According to a new report including data compiled by Asian Human Rights Commission, 7,170 people were killed and 8,746 injured by violence in Pakistan since the last 11 months. The total number of death by violence includes 188 people killed by drones. Despite accounting for less than 3 per cent of all violent deaths in Pakistan, however, drones continue to be the primary issue for protests. Leaving aside academic questions of international law and sovereignty for the purposes of this post, a question that deserve asking is why there is not a more prominent outcry for the 97 per cent who were not killed by drones.
AHRC separates deaths by ‘terrorist attacks’, ‘suicide attack’, and ‘sectarian violence and target killing’, though these could all be grouped together as ‘terrorism’ if we take the usual definition of using violence against civilians as a to promote a political agenda. Together, those deaths make up 76 per cent of total violent deaths.
What is also worth noting is that AHRC attributes 1,526 deaths to “Killings during different operations conducted by police, army, Para-military forces including Frontier Corps (FC) and Pakistan Rangers”. This is worth mentioning because it means that killings by conventional security forces account for over 700 per cent more deaths than drones.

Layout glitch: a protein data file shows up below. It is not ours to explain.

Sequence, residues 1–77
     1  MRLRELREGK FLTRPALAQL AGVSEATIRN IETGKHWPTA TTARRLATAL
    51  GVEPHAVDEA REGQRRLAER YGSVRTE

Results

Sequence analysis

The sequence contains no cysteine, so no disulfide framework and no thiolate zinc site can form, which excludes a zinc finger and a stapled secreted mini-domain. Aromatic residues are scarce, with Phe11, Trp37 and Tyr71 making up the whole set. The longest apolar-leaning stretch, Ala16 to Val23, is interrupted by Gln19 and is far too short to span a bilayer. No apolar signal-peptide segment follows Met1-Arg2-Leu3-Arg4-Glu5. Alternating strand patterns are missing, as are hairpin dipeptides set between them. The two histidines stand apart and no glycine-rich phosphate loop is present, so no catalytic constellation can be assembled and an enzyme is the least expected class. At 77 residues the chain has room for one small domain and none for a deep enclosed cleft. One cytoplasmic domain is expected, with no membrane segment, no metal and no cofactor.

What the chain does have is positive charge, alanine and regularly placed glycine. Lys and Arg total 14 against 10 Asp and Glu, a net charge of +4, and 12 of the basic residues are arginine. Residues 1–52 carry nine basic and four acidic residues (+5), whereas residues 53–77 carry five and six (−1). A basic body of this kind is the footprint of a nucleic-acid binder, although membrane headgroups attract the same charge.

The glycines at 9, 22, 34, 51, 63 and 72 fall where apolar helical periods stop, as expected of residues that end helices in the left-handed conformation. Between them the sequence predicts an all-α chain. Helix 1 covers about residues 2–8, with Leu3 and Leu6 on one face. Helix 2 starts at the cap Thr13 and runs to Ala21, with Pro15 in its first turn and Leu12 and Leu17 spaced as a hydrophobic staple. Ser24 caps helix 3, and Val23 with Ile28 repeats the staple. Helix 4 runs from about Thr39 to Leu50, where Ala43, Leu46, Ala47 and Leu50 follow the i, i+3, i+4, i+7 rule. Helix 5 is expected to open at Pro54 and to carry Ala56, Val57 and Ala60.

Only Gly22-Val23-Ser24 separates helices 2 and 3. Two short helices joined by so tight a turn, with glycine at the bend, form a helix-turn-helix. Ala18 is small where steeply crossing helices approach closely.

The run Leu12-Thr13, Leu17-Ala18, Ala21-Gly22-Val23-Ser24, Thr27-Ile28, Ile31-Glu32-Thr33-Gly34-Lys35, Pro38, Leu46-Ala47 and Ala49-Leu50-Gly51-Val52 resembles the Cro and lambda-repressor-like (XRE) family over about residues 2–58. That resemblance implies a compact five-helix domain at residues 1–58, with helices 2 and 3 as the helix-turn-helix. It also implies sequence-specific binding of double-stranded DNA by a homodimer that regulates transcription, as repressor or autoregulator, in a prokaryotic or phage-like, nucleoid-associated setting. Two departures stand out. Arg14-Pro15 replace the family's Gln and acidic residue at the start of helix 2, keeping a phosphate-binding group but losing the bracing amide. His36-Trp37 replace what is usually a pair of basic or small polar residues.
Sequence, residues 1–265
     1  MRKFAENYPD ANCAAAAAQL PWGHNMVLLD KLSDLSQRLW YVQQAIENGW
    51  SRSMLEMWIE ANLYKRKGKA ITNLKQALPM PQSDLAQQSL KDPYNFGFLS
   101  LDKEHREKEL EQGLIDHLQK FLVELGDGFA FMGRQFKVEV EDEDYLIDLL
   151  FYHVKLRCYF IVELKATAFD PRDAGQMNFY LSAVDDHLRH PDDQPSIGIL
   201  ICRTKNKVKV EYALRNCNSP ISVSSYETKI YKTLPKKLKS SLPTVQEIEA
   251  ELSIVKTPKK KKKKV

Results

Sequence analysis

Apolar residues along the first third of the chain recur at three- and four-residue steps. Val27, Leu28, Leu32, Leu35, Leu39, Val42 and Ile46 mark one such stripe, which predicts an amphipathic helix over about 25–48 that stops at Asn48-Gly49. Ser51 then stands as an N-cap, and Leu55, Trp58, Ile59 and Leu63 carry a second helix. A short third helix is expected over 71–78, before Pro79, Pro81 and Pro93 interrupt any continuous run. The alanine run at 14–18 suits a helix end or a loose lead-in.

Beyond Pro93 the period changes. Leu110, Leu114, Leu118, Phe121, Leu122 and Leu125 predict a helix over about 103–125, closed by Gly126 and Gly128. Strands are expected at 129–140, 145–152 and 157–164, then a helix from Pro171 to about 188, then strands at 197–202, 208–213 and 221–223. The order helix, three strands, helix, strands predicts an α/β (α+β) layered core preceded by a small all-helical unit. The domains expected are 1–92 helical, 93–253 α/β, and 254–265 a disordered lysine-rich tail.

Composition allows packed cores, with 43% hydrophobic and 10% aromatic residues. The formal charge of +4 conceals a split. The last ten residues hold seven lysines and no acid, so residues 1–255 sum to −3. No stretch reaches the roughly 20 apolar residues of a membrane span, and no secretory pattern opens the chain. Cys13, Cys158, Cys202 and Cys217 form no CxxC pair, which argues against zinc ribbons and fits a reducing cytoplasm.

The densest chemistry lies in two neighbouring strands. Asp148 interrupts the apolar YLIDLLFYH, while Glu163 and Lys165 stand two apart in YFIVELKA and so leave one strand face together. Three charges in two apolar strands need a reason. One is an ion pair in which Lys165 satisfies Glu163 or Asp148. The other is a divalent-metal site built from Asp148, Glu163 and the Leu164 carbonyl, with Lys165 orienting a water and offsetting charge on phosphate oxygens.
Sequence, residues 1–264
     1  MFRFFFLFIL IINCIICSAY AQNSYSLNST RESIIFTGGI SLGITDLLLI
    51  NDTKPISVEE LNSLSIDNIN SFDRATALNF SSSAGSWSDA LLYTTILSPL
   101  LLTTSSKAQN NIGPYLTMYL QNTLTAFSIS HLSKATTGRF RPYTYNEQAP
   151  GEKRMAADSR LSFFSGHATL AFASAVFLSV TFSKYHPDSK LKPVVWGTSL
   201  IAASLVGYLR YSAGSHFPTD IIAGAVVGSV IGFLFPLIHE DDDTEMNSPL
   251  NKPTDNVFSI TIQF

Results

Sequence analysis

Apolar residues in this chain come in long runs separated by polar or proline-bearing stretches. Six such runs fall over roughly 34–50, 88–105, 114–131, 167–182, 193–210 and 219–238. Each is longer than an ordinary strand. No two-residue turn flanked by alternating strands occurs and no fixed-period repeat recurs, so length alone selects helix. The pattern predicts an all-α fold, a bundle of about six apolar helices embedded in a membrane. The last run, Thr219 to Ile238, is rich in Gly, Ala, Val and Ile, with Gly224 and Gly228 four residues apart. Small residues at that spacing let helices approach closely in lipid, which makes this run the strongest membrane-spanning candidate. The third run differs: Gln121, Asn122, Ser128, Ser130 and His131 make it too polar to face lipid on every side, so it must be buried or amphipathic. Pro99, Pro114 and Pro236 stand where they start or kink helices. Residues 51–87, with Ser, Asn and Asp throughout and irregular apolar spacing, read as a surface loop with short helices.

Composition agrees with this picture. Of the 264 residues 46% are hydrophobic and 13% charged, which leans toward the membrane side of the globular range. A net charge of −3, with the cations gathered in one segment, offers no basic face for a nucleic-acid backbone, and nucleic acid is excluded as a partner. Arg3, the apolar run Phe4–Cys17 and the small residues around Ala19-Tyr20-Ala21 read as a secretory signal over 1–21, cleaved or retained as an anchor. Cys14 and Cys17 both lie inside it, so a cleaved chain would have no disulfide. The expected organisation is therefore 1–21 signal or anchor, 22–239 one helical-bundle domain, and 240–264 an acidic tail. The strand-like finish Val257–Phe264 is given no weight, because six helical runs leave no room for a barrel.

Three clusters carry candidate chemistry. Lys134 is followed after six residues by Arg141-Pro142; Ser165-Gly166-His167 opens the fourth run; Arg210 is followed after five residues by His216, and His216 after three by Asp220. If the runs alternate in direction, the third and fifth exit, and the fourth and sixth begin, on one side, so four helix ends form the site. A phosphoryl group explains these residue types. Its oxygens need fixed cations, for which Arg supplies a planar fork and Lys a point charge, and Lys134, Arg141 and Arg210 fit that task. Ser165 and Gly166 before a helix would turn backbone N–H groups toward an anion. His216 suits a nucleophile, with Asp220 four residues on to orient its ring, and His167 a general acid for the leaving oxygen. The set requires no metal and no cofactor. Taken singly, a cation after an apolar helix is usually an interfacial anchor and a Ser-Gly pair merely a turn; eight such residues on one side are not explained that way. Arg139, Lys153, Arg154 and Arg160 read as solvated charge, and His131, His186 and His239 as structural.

Pakistan Army has explained that those killed by drones are mostly terrorists – the people responsible for 76 per cent of violent deaths in Pakistan. The fact that the numbers killed by drones as opposed to conventional military operations are not only significantly smaller, but include significantly fewer civilian casualties would also explain why former Chief of Army Staff Gen Kayani was asking for more drone strikes. It would also explain why, despite the bad reputation drones have, Pakistan Army has developed its own fleet of drones which it inducted last week.
Meanwhile, it is drones – and only drones – which stay in the headlines. Imran Khan’s anti-drone protest in KP is entering its 11th day, and he has even exposed the identity of the CIA station chief, a secret previously known only to high ranking ISI officers and, apparently, a retired cricketer. After sinking into obscurity after elections, Difa-e-Pakistan Council has suddenly been resurrected and is leading protests against drones in Punjab.
None of this is a justification for drones. Neither does it mean that people should not protest drones. But we must ask ourselves what it means when we are willing to go to such lengths to protest drones, yet we remain silent about the causes of 97 per cent of the violent deaths in this country. Accounting for only 3 per cent of violent deaths in Pakistan, drones seem to have a disproportionate impact, but not the one we think.